As soon as middle school hits, the bottom falls out.  Hormones start surging.  Everybody wants someone.  Most people don’t get anyone.  Everyone feels pretty much lonely and unloved.  Of course, there was the odd beautiful couple, somehow beautiful and fully formed even in the seventh grade, but how many of us really were a part of that couple?  I think most people, given the chance, would go back in time and drop a nuclear weapon on their middle school.  And at that age, the girls are swooning and wanting romance, but the boys are just thinking about sex.  And not getting any.  Hardly anyone, even in a young couple, does V-Day right.  And by right, I mean meeting the expectations of the other party involved.  Because mind reading is not common.  And most of us communicate very poorly.  And let us not forget the young GLBT.  They may just be realizing that there is something about them that is palpably different, and it sure doesn’t include receiving flowers from the prom king or queen.

Nothing gets better with age.  Most people feel lonely.  Relationships in high school and college are rarely too stable.  And it seems someone always has magical expectations, despite the rarity of being a member of a couple, that aren’t being met.  The sweeping romantic dreams of one are met by, at best, fumbling attempts to just making it through the day before someone’s head gets bitten off. 

Ahhh, and then adulthood.  You have the alone and the lonely.  Those in loveless marriages and relationships.  Widows and widowers.  Those whose lovers are far away, or in grave danger, away in the armed forces.  Then you have the bitter and the cynics.  And believe you, when I tell you from experience, that a cynic is best described as a failed romantic.  Cynics believed once.  They are angry because they were taken in, and reality never met their dreams.  For example, an emotional terrorist that I dated in my twenties showed up at my door on V-Day with a smirk.  He said, “I brought you flowers and candy!”  He was clutching a single red and white peppermint from a restaurant and a dead pine branch.  Even if you are in a lovely commited marriage, with a family, V-Day may be D-Day for you.  My husband thinks cut flowers are a waste of money.  One year, when we still passingly celebrated V-Day, he gave me several jars of mustard.  He stated they were romantic because I was doing Atkin’s diet and I could eat them with my meat.  We have since put an end to Valentine’s Day in my house.  We just don’t acknowledge it.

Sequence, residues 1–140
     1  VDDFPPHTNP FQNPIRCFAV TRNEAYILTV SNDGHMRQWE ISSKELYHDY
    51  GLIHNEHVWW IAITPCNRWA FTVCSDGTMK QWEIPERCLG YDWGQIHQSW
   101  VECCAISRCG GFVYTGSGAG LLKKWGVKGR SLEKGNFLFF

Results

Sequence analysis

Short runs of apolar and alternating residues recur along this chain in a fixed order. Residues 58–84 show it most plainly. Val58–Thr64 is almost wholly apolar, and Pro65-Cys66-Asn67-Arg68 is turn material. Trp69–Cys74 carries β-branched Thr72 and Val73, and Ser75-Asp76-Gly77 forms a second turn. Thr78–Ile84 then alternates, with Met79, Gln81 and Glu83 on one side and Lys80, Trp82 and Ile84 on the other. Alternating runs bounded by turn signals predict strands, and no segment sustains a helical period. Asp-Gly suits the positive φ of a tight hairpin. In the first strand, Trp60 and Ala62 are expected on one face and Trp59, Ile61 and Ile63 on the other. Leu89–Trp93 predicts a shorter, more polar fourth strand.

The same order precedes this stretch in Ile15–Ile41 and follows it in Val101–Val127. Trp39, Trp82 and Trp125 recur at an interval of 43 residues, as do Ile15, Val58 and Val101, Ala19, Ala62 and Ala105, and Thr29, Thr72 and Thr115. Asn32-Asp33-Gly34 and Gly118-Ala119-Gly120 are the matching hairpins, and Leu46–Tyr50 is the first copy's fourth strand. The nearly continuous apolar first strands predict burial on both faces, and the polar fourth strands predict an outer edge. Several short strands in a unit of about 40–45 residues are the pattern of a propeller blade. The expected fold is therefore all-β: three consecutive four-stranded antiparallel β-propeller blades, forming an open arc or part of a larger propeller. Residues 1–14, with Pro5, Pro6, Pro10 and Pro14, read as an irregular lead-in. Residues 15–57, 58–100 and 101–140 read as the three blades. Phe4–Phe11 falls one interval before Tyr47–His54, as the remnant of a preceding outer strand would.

And don’t forget, Valentine’s Day is a holiday completely contrived to sell candies and greeting cards.  It didn’t even exist before a century or so ago.  And the old adage, about making every day a Valentine’s Day, if you truly love someone, is spot on.  You don’t just wait until one day to do nice things for each other.

And truly, most men hate Valentine’s Day.  As soon as the red and white displays go up, they start dying inside.  They’re going to have to buy something.  They don’t know what.  They will probably wait until the last minute, because they never know what to get.  And they know their partner probably has hopes for something, but human nature being what it is, they are probably not communicating their needs, because part of “romance” is that your partner “just gets it.”  And of course, most of the time, they don’t.  The wrong jewelry is bought.  Jewelry is not bought.  Chocolate is bought when partner is dieting.  And on, and on, and on.

Women are always getting disappointed.  We have high hopes that our partner will “just get it”.  We don’t communicate.  And frankly, a good bit of Valentine’s for us is conspicuous consumption.  After all, nothing proves that you’re loved more than a magnificent bouquet of flowers that the whole office gets to see.  I remember I never felt so gratified as a couple of Valentine’s when I was dating an attorney (who was otherwise a complete psycho, but had the whole gift thing down pat) sent me enormous bouquets of flowers to my office.  I had finally arrived.  I was conspicuously loved.  And when you think about that, it’s pretty damn shallow.

Then there’s Valentine’s for the GLBT community.  Just like anywhere else, there are committed loving couples giving great gifts.  And just like everyone else, for many V-Day is just being done wrong.  And then there’s the added whammy.  Many relationships cannot even be acknowledged, must less commemorated in flowers and candy.  If you are closeted, how do you answer the question about who sent you the flowers?  Saying “None of your damn business” over and over again is not any fun, any way you put it.  And you probably can’t even keep a picture of your significant other on your desk, unless you work in a very progressive office.  And you can’t bring your partner to those “fun” office picnics.

So as far as I’m concerned, Valentine’s Day is torture for most everyone.  If you have a great Valentine’s Day, congratulations and I wish you the best.  Just don’t forget, probably most everyone else is miserable.

Weekly Writing Challenge: A Tough Old Bird